The more you honor your integrity, the more dignity you have. Your promises to yourself must be so important and easily kept that you'll reach out and grab them every single day -- because you want what you've promised yourself!
On April 23, to celebrate the release of his fourth solo album, Willpower, will.i.am joined collaborators Britney Spears, Miley Cyrus and Nicole Scherzinger in a live Google+ Hangout on his illwilly YouTube channel.
Contrary to conventional wisdom, willpower is largely a useless strategy to overcoming internal resistance. Fortunately, there is an easier way to get unstuck from any project, goal or to-do you have been blocked from taking action on.
Frame a situation around a much-cherished goal and you are more likely to stick to that goal and/or sway others to seek it too. That's one of many stories with lessons for sticking to a plan that psychologist and Harvard Business School professor Francesca Gino offers in her new book Sidetracked.
We cannot control what happens to us. Sometimes, difficult and tragic events overwhelm us. Yet no matter what has transpired, we do have the magnificent power to choose how to respond to life and how to move forward.
The key is finding the joy in between the peaks -- paying attention to the moments, to the joy in the creating of your dreams, and to the pride you feel in yourself. Even if no one else ever acknowledges what you're doing, this is the true objective.
Failure, competition, and ultimately business is all about human experience. Power meditation can be done daily in 15-20 minutes, and goes beyond mindfulness into actually boosting self-esteem and effectiveness.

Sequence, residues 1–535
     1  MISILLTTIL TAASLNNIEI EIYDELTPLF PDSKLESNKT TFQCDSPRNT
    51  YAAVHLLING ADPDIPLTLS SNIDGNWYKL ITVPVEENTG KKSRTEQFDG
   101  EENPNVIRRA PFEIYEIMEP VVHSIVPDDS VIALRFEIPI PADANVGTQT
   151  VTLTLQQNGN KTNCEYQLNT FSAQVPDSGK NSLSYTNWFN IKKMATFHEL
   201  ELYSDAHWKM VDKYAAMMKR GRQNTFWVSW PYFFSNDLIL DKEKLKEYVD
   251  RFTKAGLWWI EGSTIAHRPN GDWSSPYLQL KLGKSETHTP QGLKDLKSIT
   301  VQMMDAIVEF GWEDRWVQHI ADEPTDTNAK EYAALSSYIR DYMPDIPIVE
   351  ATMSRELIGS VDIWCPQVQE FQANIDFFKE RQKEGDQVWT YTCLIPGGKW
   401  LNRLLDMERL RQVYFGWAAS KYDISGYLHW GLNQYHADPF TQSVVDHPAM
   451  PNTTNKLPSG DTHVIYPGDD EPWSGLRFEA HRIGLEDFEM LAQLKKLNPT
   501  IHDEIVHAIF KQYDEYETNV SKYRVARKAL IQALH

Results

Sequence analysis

Why do we make bad decisions? Why do we eat that extra cookie or choose a cheeseburger instead of a salad with grilled chicken? It turns out there is nothing wrong with you when you give into fatigue or temptation. Your brain has simply run out of gas.
With a large volume of research showing that self-control is a limited resource -- one that can be depleted as quickly as the money in your bank account -- is it worth the effort it takes to achieve self-mastery?
If your New Year's resolution involves making a change in your diet with weight loss as a goal, you are facing a dizzying array of information out there. There is a great deal of evidence about what practices help weight loss, much of it contradictory.
Have you ever tried to lose weight by not thinking about food? How about trying to stop yourself from calling your love interest by blocking out all thoughts about that person? Ever try to quit smoking by trying not to think about smoking? Did it work? I'll bet it didn't.
Let's face it: Too often, our New Year's resolutions are toothless fairytales that quickly fall by the wayside, abandoned long before February rolls around. The good news is that it needn't be this way.
As anyone who has tried to keep a resolution knows, change is hard. Many of us over 50 have given up long ago on the idea that making a New Year's resolution is a path to anything but disappointment. It may be time to try again, however.
The difference between those who are successful and those who aren't is not whether or not you suffer from stress, but how you deal with it when you do. Here are nine scientifically-proven strategies for defeating stress whenever it strikes.
Anyone who has tried to break a bad habit has experienced the trouble with willpower. You want to stick to your diet, but you find yourself standing at a buffet filled with tempting desserts. Psychologists have been quite interested in understanding why willpower works so poorly.
If you've begun to make a lifestyle change -- a new diet, exercise routine, stress reduction activity, or anything else -- consider that there will be times when you may need or want to get off your lifestyle wagon.